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Beggar's Bridge to Postgate & Glaisdale

In his 'North Riding'  published in 1941, Arthur Mee describes Glaisdale  as 'the name of a dale shut off from the world by the moors and of a village of old and new houses dotted on the hillside climbing to Glaisdale Moor'.

Distance: 6 miles

Time: 4 hours

Grade: easy, one initial steep climb

Conditions: well signed throughout

Refreshments: Carr End

OS Explorer Map OL27

Originally published: 11 April 2014

We explore both valley and village in this easy 6 mile walk which takes in stretches of moorland, peaceful pastureland and even a short stretch by the River Esk. Our starting point is Beggar's Bridge over the Esk just below Glaisdale Station (GR 785055). There's an excellent new explanatory board by this graceful packhorse bridge which still has its barely legible datestone of 1619 on the crown of the parapet.

From the bridge go under the railway arch and cross the footbridge by the ford over Glaisdale Beck. The lane beyond is at first hard surfaced before curling to the left and climbing steeply through East Arnecliff Wood. After half a mile it flattens out and from Snowdon Nab Farm follows the access lane up to its junction with the road from Egton Bridge to Rosedale.

Turn right along the road to a path signed right just beyond a cattle grid. In the angle of the road and the path is the Bronze Age round barrow of William Howe. There are widespread views from here down Eskdale and over to Egton on its ridge some 3 miles distant.

After some 250 yards the path passes through a small plantation. The next section is a delightful panorama walk high above Glaisdale's farms and chequered fields. Just beyond the trees is another historical treasure. Recently restored and dating from at least the 19th century is a line of 77 bee boles. Built into the side of the wall we are following, they acted as shelters for the skeps, the hives of wicker, straw or heather which would be left here in the summer. South facing, this would help the swarms to benefit from the sun and the proximity to the heather moorland.

Beyond them the path is well signed and there are traces of a stone trod before it reaches Wintergill Plantation in about half a mile. Head for a prominent gate into the trees and continue downhill into Glaisdale on a path cushioned by pine needles. Where it leaves the wood the path crosses a field to reach the valley road to the left of High Gill Beck Farm.

Turn right along the road to the next farm, Low Gill Beck, where a bridleway strikes off left across the valley floor. Bear right in the first field after which it's easy going to Glaisdale Beck. There's a two slab clapper style footbridge for a dry crossing and from it a stone causeway continues almost to Plum Tree Farm.

From there simply follow the farm track up to the dale side road. To be more adventurous try the path just beyond the farm which goes half right across a sloping field to the lower end of a small wood. There you'll find a moss covered stepped wall stile before a climb through the trees to the right where turn right.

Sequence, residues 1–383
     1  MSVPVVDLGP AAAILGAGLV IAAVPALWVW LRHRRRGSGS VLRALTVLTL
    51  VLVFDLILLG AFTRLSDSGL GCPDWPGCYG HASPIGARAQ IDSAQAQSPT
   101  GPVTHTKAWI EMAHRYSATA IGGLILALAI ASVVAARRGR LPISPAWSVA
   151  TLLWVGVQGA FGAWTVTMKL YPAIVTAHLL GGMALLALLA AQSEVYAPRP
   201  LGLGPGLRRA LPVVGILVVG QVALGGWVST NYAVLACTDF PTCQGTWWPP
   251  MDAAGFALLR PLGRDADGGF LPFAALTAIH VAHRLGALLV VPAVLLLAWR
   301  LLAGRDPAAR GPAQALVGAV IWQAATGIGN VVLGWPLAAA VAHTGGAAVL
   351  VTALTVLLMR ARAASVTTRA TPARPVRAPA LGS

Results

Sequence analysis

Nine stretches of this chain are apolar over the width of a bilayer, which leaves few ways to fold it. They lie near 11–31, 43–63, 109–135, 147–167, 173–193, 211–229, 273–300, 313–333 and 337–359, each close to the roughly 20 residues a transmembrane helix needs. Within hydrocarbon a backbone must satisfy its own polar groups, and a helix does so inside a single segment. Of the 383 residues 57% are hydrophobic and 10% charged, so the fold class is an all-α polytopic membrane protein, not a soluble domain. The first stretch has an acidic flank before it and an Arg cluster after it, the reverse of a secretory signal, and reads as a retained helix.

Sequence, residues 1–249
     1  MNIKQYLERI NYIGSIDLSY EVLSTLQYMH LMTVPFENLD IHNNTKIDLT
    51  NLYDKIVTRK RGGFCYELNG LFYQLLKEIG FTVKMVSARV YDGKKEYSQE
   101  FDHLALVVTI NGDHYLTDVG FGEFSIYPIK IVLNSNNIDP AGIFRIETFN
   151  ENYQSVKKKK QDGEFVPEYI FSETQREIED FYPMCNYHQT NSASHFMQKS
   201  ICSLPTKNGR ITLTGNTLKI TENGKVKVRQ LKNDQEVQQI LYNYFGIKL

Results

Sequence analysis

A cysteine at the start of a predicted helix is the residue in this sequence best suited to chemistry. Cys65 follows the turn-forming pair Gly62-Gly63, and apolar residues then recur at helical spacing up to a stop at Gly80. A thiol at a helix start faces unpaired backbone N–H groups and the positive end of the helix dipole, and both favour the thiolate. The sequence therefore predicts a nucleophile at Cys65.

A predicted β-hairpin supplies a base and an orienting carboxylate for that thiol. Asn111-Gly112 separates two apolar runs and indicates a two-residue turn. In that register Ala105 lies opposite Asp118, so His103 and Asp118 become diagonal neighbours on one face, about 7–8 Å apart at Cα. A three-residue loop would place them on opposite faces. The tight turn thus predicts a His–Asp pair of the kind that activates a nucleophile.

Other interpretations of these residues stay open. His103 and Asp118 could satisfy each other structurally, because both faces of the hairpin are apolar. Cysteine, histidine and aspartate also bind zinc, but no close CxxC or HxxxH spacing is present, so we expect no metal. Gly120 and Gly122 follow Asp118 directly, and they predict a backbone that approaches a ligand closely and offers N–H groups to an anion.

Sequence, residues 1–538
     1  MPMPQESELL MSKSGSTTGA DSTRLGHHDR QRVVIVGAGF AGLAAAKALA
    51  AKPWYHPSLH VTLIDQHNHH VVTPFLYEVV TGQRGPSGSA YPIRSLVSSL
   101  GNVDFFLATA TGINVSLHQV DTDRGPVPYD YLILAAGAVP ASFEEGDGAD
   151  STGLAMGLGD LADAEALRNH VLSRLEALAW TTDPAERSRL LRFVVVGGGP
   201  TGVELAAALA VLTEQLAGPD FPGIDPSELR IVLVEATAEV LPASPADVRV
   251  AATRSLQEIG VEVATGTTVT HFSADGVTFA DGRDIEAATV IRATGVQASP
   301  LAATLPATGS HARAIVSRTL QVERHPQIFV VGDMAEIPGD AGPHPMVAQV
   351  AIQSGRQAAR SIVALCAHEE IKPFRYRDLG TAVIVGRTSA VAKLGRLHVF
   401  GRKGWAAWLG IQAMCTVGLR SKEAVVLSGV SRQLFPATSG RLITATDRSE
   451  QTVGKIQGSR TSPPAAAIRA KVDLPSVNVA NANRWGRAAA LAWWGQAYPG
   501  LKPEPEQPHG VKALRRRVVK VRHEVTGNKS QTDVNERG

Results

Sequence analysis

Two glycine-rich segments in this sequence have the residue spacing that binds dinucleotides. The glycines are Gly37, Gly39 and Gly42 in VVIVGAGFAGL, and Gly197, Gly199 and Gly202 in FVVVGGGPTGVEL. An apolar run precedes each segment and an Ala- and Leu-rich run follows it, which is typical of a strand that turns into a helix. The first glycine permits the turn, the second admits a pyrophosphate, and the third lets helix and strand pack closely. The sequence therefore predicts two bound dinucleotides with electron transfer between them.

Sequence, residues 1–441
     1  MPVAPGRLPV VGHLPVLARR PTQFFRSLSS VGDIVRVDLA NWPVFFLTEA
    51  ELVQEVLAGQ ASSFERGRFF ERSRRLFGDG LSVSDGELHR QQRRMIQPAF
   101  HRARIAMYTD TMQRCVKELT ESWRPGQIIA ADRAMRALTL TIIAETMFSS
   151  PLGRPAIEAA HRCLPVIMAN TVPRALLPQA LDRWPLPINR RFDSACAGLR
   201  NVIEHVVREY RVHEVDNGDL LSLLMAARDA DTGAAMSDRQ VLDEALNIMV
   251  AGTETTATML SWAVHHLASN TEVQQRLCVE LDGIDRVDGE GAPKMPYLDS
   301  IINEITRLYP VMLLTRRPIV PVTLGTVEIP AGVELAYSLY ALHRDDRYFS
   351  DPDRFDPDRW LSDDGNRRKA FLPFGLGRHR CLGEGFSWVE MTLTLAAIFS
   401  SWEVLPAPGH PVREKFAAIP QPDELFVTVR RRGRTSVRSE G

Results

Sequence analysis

The road is accompanied by a very fine stone trod, part of an extensive causeway running the length of the dale. In 100 yards you reach Glaisdale Head Methodist Church built in 1821. Though tiny it is ashlar built, the stones finely tooled with a herringbone pattern and almost certainly, like the causeway, came from the sandstone Post Gate Quarries on the hillside above. On the opposite side of the road is Postgate Farm which might have a connection with Father Nicholas Postgate, the 17th century Catholic priest and martyr.

The walk continues up through the churchyard to a gate on to a green track which we follow uphill to the right. In a few yards you'll notice a low bridge on the left. This is still crossed by a track up on to the moors. The bridge was built to allow an incline to be constructed from an iron mine away to your left which operated for a few years in the 1870s. There are no traces of the mine but you can still follow the incline under the bridge and then up the hillside ahead on to Glaisdale Low Moor (there's a parallel path too).

At the top our walk follows the line of the railway as it skirts the sheer faces of one of the quarries on the right. The high quality stone in the 19th century was used in the building of London's Waterloo Bridge as well as one of the lighthouses at Whitby.

In about 300 yards we join the hard core track which comes in left from Glaisdale Rigg. This is still occasionally called the Coach Road for it was in the 18th century the main route south from Whitby to Pickering and York. Bear right along it for about 400 yards to a gate at the end of the moor (with welcome seat). It's now a quarter mile stroll down Hall Lane into Glaisdale village.

There's a little green where the lane joins the village street. Turn right for 100 yards to the Robinson Institute, given by Thomas Robinson to the village in 1911 to mark George V's accession. To the right of it a path descends steeply to the sound of the rushing Esk far below. Where it reaches a tarred lane go left downhill down to the riverside.

In 200 yards on the left a private bridge leads to the site of the Glaisdale Ironworks which used the ore extracted from the mines at Post Gate Hill and, closer to hand, from Glaisdale Mine marked by humps in the field on your right. Little remains except the brick built explosives magazine in the same field.

The lane now climbs to a junction by the Arncliffe Arms at Carr End. Go straight ahead down a rough path and over Glaisdale Beck to pick up the outward route.


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